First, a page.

Thin slice judgments have been shown to be accurate based on the ph ysical appearance, posture, and behavior observed within seconds of meeting another person. For example, Albright, Kenny, and Malloy (1988) asked subjects (N = 259) to make personality judgments about individuals with whom they were unacquainted based only

on physical appearance. Subjects in groups of four to six were requested to make ratings of themselves and each other on five personality dimensions (sociable, good - natured, responsible, calm, and intellectual). Results showed significant consensus betw een

10

observers on all personality dimensions and evidence of correlation with self - judgments on two dimensions (social and responsible).

Recent research related to thin slice impressions has focused on the amount of exposure time and the type of judgments being made. In one study, Carney, Colvin, & Hall (2007) examined the accuracy of thin slice impressions by investigating exposure time (5, 20, 45, 60, and 300 seconds), slice location (beginning, middle, end), and judges ratings of negative affect, positiv e affect, personality variables and intelligence. Accuracy increased with exposure time and 60 seconds yielded the optimal ratio between accuracy and slice length. Results suggest that accuracy of first impressions depends on the type of judgment made, amo unt of exposure, and temporal location of the slice of judged social behavior.

Understanding the speed and accuracy with which first impressions are formed may benefit professionals who rely on interpersonal skills for business success. Weitz (1978) noted that salespeople can increase sales by creating a positive initial impression of trustworthiness and friendliness. One rec ent study demonstrates judgments made from thin slices of audio only can accurately recognize interpersonal skills necessary for succe ssful salesmanship. Ambady, Krabbenhoft, and Hogan (2006) asked participants to listen to 20 second audio clips of interviews with twelve regional sales managers in a large, American corporation. Participants in the first study (N = 12) listened to sound c lips which had been content - filtered, a process that removes the high frequencies on which word recognition depends, but preserves the sequence and rhythm of speech. Participants in the second study (N = 8) listened to the same audio clips unfiltered with the original speech content intact. Participants ratings of nine interpersonal skills correlated strongly with supervisors’ evaluations of sales effectiveness. Naïve observers were not only accurate in predicting sales effectiveness based on positive ratin gs of personality traits, they were capable of accurate predictions after hearing less than 30 seconds of voice quality alone.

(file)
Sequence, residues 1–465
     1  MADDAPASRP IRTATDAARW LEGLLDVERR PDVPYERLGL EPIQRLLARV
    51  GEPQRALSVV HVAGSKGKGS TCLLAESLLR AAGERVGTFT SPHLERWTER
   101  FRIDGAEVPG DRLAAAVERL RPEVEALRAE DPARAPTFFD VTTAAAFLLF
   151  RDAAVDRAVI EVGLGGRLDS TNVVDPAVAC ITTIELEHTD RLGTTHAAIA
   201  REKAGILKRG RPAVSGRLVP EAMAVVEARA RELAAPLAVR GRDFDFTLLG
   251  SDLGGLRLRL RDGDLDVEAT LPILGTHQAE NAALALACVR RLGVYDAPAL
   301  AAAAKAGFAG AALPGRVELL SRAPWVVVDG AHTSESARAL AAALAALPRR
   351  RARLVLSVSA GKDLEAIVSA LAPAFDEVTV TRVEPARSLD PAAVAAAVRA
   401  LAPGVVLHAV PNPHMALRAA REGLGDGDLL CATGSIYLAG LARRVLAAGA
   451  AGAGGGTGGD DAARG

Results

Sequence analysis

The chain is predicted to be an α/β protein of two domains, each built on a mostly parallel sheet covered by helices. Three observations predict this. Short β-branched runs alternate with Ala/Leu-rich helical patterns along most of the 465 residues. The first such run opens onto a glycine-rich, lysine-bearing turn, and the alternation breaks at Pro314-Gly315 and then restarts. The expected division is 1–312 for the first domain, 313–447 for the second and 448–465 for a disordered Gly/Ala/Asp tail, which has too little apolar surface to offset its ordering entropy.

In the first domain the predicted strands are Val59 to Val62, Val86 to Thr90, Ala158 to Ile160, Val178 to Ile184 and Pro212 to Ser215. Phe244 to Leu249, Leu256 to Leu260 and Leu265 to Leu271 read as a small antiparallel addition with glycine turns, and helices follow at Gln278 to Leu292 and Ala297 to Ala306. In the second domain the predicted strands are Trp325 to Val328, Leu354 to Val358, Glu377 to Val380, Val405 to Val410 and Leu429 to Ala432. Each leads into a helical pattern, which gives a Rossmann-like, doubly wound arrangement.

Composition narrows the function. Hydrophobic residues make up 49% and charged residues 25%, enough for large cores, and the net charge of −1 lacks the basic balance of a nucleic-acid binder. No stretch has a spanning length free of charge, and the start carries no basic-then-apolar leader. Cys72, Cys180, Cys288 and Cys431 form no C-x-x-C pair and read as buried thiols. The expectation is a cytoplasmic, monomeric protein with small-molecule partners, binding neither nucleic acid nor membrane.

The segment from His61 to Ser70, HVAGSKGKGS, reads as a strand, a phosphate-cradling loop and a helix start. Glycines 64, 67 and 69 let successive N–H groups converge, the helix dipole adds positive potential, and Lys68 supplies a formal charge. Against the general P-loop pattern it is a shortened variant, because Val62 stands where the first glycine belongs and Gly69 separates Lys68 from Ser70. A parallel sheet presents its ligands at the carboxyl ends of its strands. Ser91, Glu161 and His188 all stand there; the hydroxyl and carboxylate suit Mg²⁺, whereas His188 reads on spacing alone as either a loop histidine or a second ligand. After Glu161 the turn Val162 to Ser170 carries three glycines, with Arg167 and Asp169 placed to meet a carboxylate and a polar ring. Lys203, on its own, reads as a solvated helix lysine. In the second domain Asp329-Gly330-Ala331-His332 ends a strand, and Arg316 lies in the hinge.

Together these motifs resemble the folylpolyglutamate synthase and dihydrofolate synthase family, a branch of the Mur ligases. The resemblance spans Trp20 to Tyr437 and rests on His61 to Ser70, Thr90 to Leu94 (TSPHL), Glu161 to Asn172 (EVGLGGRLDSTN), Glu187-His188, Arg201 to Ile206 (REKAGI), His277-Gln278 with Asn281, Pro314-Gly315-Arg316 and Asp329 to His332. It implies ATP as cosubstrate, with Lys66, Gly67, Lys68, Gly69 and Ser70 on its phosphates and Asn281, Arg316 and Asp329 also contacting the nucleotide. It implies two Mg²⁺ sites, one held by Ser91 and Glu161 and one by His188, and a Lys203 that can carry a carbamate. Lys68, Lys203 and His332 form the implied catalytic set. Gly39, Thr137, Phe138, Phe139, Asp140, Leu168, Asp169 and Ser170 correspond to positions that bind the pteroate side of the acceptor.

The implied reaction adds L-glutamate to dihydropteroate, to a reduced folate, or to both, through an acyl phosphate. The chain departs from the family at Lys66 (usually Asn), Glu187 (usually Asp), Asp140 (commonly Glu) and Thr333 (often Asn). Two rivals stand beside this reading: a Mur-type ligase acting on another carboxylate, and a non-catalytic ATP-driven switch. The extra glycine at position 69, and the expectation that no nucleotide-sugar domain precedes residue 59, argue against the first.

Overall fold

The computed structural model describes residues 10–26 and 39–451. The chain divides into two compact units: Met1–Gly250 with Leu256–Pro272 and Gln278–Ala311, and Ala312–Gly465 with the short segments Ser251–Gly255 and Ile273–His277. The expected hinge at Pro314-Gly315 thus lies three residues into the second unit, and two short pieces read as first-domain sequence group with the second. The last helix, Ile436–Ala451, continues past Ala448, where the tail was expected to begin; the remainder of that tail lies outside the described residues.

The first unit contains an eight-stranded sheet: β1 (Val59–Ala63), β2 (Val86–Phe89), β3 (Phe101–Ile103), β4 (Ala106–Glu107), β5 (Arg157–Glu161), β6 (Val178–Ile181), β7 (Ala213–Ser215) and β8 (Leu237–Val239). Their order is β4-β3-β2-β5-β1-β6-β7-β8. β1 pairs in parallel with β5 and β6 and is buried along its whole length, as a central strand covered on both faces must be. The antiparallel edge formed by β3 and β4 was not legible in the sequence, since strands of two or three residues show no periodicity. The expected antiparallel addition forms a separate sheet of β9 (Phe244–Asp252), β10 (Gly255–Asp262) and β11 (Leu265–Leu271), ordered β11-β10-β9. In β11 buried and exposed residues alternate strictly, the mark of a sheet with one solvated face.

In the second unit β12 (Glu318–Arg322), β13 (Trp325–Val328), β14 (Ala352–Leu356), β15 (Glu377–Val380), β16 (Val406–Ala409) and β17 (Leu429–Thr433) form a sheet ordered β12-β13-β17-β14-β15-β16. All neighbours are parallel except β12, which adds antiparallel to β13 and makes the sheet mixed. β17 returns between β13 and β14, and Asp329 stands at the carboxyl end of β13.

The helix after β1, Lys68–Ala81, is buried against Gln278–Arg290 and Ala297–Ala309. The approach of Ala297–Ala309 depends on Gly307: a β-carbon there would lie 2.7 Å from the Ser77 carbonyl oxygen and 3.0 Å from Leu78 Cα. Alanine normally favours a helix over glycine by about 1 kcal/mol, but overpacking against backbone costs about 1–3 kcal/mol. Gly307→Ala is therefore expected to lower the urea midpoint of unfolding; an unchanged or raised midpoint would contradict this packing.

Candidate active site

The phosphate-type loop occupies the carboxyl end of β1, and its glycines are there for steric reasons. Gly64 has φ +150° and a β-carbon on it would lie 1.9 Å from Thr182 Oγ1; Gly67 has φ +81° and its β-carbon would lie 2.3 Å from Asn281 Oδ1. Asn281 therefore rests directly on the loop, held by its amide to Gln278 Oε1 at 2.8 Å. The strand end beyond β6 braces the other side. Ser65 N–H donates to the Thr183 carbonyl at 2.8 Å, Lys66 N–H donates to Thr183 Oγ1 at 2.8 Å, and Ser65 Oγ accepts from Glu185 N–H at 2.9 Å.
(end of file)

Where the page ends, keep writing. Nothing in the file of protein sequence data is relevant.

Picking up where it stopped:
Creating a positive first impression seems essential for professionals who are applying and interviewing for employment. Gada - Jai n (1999) examined nonverbal thin slices of the initial greeting and settling into chairs in job interviews, and found judgments of these brief instances predictive of the outcomes of the subsequent full

11

employment interviews. Because the social behaviors n ecessary for successful business interactions include nonverbal cues, thin slicing has been shown to be predictive of performance in several fields including salespeople, telephone operators, business managers, and health - care professionals (Ambady et al., 2006).

In some instances, humans reveal information from nonverbal behavior quite unintentionally. Blanck, Rosenthal, and Cordell (1985) showed that ratings of brief excerpts of judges’ nonverbal behavior while delivering instructions to jurors in actual

criminal trials reflected judges’ expectations for the trial outcomes and the criminal history of the defendants. Using these thin slices of trial judges’ nonverbal behavior in mock jury research, Hart (1995) found that even when admonished to disregard t he judge’s behavior and to form their own opinions, observers returned verdicts concordant with the judges’ bias.